Ruby & Serial Ports - A Debugging Adventure
So as part of my ongoing "playing around" with model railway control I treated myself to a 16 zone RailCom receiver from DCC₄PC, in part because their documentation is so clear about how to talk to their devices using software you've written yourself. Enter a shelf kit with 7 pieces of setrack individually wired, a DCC command station (DCC++EX) and some DCC₄PC parts.
Robots and Brownies
I'm currently doing the new Digital Maker badge with my Cubs and last night I found myself at my friend's Brownie pack doing some of the activities I did (or will be doing) with my Cubs. With only an hour I had to reduce what I was planning but most importantly the girls had fun (rule 0 of Guiding)!
Using SSH agent for sudo authentication on Ubuntu
Thanks to a post at www.drhevans.com/blog/posts/195-using-ssh-agent-for-sudo-authentication/ I got a starting point, however a few things didn't quite work out (I had to install checkinstall as a prerequisite and edit the client machine user's ssh config) so here's the adjusted instructions (updated Feb 2015). You can chckout the project on GitHub - github.com/cpick/pam-ssh-agent-auth
Logwatch a Custom Log File
So I own a VPS (if you can ever really own a VPS) which does a number of things for me. It's backed up by the hosting company, something which requires root access. Now I always worry when giving someone root access, no matter how much I trust them, so the back ups are performed through a simple script which only allows certain commands to be ran, as well as logging all attempts.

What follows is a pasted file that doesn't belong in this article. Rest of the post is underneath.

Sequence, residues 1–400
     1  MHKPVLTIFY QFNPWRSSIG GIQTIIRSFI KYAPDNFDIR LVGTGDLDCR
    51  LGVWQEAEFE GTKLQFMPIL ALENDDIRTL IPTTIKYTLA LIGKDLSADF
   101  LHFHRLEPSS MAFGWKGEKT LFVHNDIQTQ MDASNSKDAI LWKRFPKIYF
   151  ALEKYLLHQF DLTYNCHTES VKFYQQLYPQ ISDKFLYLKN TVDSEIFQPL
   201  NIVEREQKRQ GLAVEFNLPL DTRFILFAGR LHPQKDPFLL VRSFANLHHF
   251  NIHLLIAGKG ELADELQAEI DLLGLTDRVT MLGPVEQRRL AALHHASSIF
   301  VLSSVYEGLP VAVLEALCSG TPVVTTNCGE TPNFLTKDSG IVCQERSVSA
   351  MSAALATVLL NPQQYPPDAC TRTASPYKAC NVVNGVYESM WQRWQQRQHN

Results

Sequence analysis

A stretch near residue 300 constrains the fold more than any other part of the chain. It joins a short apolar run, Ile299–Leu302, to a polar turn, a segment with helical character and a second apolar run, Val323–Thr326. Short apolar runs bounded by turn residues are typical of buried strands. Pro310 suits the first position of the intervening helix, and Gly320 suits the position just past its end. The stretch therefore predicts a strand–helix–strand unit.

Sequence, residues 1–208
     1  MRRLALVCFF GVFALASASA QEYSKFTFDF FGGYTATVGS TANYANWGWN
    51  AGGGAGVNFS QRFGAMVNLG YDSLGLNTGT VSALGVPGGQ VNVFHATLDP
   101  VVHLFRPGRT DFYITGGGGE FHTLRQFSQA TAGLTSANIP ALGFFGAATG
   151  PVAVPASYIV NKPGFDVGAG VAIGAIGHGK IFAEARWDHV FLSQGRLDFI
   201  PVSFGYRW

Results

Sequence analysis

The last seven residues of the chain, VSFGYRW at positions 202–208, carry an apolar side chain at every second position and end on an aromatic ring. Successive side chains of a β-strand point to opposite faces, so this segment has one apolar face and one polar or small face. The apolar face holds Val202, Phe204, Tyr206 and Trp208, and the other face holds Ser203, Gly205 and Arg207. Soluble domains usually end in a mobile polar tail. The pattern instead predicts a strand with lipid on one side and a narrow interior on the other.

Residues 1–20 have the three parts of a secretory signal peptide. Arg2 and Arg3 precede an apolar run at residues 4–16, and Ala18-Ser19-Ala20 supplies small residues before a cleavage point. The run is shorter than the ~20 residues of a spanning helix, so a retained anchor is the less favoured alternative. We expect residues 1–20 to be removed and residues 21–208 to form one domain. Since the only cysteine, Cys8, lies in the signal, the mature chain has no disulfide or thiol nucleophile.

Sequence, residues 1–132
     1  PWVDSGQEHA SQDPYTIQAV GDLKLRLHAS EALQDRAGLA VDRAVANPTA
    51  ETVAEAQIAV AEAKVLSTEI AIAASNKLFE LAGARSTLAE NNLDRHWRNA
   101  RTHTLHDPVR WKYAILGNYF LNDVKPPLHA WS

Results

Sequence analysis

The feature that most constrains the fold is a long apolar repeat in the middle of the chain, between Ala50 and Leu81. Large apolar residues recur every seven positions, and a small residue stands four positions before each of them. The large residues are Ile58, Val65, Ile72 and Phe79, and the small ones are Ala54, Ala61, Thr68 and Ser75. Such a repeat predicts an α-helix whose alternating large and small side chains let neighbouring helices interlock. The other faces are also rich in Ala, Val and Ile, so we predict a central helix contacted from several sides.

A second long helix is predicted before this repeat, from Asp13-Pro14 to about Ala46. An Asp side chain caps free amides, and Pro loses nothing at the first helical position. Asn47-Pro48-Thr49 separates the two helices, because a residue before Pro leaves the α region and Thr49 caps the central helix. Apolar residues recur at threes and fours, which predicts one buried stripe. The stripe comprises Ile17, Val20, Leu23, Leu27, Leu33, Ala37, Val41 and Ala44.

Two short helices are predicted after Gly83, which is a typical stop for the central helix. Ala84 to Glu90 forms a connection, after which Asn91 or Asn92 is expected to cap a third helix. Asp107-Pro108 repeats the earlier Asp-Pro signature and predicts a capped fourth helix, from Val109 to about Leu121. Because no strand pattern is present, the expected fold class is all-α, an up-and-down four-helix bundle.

New Take on Passwords
The otherday I watched episode 303 of Security Now and Steve has a very interesting take on passwords. Essentially assuming we don't have a dictonary word then it's all about using as many different types of characters as possible. Yes length still matters but entropy (randomness) doesn't. By not having an easily guessed password you're forcing an attacker to do a brute force attack and by having as many different types of characters as possible you're increasing the number of passwords they have to guess. Steve's put a page up on his website to demonstrate this point - www.grc.com/haystack.htm.
Another post containg stuff I usually have to look for.
Rails 3 on Apache on Ubuntu 10.04
So I was investigating how to run a rails app on my VPS. I needed to use several sources to get little bit's working, so here's the combined instructions. Note that I assume you're starting with a working apache installation.
Fix Grub (Again)
So thanks to Windows going screwy again I had to fix grub on my machine. So I can find these instructions again here they are:
Colourful man Pages
Taken from podcast.ubuntu-uk.org/2010/10/27/s03e19-if-we-only-knew/
Now I Git it
I've been playing around with git for a short while now and now I think I've finally got it, or rather the point of it. Ignore those places that discuss it as you commit to your local repository and then commit that the the main repository etc. No it's about letting everyone have a complete copy - in fact you don't even need a central repository to get the benefit of version control - it sits there in a folder on your own PC.